I often travel for business. My wife, KayEm, and I stay in touch with Skype, Twitter, and e-mail. I’m always excited when I pull out my Blackberry and see one of her messages. But sometimes, I receive a message that I’m afraid to open.
About a year ago, we adopted a beagle named Ginger. Although the adjustment was tough at first, she has become a beloved addition to our family. Ginger is an active dog who loves to play and explore. Her wanderlust is the reason why KayEm sent me an e-mail message with this subject line: Ginger ran away.
As you can imagine, this was not the type of message I wanted to receive while I was nearly 3,000 miles away from home. I open the e-mail message and read the following text:
I opened the the front door and Ginger darted out. I have to find her!
I called KayEm immediately to find out what happened. She explained that Ginger had snuck out of the house and ran around the cul-de-sac sniffing around our neighbors’ yards. KayEm gave chase, but Ginger escaped through the open gate that led to our neighborhood walking trail. KayEm couldn’t pursue any further because our 2-year-old son, X, was standing in the front door planning his own get-away.
Sensing that she was free to explore, Ginger bolted down the walking trail to start her adventure. KayEm loaded X into the minivan and pursued Ginger to the neighborhood park at the end of the trail. But once again, she had a dilemma – should she leave X in the van while she chased Ginger or should try to chase the dog while carrying a toddler. Neither option was acceptable. KayEm got back into the van and drove home. All the time she was worried about how she would tell our older kids, Nee and N that their pet had run away. She knew that the news would break their hearts.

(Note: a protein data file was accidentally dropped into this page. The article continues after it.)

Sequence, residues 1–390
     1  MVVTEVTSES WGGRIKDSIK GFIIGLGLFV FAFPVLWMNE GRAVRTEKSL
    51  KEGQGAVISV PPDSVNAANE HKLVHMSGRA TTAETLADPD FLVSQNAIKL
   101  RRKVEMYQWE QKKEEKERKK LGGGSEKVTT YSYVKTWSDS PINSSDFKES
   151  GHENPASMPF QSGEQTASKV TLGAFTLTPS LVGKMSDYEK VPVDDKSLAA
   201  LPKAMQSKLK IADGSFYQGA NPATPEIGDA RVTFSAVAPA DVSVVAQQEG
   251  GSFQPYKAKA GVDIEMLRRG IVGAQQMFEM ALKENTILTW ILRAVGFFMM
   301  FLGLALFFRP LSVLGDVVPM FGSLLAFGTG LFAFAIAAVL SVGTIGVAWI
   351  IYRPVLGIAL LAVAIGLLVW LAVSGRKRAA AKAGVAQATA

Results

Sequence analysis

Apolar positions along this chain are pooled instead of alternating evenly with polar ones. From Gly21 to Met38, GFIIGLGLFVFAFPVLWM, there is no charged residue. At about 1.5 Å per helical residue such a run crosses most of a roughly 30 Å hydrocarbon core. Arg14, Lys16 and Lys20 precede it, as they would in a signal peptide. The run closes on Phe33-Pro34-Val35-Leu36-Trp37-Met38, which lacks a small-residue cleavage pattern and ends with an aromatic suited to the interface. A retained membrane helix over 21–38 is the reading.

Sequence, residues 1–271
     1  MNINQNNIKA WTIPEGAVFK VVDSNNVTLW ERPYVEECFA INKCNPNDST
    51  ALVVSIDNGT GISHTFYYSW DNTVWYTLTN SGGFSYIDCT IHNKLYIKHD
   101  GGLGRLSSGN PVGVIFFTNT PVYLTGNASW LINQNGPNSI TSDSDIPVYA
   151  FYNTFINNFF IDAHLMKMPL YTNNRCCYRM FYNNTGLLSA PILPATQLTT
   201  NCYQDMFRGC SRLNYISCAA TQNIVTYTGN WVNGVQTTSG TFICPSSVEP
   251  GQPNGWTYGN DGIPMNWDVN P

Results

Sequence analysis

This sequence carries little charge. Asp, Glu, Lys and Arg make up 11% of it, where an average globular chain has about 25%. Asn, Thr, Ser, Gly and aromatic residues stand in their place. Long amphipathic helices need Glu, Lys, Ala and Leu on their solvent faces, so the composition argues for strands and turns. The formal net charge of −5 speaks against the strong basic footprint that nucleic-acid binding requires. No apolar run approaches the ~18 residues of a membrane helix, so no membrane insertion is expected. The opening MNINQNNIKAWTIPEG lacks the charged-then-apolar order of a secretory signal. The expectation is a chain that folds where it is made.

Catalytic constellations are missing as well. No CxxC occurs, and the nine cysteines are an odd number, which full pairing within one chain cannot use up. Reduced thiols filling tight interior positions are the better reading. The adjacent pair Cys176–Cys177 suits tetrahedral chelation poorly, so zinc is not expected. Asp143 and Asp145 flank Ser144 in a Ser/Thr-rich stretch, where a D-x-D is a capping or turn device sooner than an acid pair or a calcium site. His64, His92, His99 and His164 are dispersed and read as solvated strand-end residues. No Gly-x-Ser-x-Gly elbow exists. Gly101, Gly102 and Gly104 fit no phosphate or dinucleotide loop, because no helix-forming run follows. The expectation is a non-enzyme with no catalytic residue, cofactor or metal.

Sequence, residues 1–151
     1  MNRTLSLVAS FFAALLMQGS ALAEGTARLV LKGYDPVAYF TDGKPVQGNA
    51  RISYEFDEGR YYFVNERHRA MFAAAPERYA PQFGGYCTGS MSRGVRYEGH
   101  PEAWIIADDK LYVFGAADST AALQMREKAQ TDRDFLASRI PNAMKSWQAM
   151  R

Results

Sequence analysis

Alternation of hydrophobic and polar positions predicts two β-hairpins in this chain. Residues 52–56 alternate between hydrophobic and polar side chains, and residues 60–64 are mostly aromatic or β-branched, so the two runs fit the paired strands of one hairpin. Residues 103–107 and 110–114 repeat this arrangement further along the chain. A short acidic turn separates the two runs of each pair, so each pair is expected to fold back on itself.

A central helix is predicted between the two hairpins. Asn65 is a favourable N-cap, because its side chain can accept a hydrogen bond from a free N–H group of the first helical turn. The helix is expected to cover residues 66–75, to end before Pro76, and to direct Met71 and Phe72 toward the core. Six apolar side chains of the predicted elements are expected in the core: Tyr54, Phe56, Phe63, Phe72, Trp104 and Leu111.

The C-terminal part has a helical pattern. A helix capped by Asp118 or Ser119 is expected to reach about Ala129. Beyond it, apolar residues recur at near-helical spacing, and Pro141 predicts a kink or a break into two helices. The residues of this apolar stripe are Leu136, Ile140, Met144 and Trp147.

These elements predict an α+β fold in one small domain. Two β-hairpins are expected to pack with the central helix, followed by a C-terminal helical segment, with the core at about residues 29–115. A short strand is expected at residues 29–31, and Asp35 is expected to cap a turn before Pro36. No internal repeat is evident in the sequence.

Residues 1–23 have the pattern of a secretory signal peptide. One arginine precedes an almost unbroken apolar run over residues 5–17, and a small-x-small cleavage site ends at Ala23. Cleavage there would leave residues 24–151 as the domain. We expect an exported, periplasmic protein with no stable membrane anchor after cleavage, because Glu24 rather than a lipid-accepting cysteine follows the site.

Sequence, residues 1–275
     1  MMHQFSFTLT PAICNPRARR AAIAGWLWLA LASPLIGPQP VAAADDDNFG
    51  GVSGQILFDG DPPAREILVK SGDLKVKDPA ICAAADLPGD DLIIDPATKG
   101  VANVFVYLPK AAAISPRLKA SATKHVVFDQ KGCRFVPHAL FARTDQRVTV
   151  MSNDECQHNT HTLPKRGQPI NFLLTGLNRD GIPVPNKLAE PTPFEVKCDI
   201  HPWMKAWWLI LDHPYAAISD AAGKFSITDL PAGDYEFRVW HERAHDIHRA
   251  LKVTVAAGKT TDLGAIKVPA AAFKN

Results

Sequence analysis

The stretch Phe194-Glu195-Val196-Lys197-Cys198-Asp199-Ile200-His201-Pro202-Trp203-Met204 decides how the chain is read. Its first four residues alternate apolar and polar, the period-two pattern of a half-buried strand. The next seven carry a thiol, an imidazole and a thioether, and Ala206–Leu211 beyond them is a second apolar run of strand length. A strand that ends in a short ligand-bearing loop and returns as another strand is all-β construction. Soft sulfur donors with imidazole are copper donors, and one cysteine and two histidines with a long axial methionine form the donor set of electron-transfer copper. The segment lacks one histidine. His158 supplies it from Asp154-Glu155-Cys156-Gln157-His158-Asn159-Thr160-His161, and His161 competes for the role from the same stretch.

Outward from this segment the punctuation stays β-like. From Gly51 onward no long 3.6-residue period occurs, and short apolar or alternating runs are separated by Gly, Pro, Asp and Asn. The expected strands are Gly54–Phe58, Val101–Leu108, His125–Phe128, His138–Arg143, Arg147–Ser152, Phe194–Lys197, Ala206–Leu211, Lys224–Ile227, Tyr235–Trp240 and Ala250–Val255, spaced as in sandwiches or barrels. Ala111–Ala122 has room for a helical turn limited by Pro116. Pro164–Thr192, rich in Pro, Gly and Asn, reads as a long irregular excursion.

In a last ditch effort to find our dog, KayEm decided to make some “Lost Dog” flyers and post them around the neighborhood. Just as she was about to press print, our phone rang. A thoughtful stranger had found Ginger and had her safely at his house. KayEm was ecstatic. Once again, she loaded X into the minivan and drove around the corner to retrieve the dog.
When KayEm arrived at the neighbor’s house, she saw Ginger resting peacefully in the back of the man’s pick-up truck.
“My brother raises beagles,” the man explained. “Whenever they catch a scent, they always try to follow it. That’s why I picked up your dog when I saw her. I knew she had a family who loved her when I saw the collar and tags.”
“Yes, we do love her. The kids would have been so sad if Ginger were gone,” KayEm said. “Thank you for finding our dog.” KayEm loaded Ginger into the minivan and drove home.
A little while later, I received another e-mail message that read: Ginger found! No worries.
Thank God for the kindness of neighbors.
Question: Has your pet ever run away? If so, how did you handle the situation?